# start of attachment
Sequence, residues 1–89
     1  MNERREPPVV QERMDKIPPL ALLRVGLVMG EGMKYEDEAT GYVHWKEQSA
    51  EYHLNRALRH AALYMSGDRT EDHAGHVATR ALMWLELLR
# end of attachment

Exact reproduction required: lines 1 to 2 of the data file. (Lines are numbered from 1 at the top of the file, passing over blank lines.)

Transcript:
Sequence, residues 1–89
     1  MNERREPPVV QERMDKIPPL ALLRVGLVMG EGMKYEDEAT GYVHWKEQSA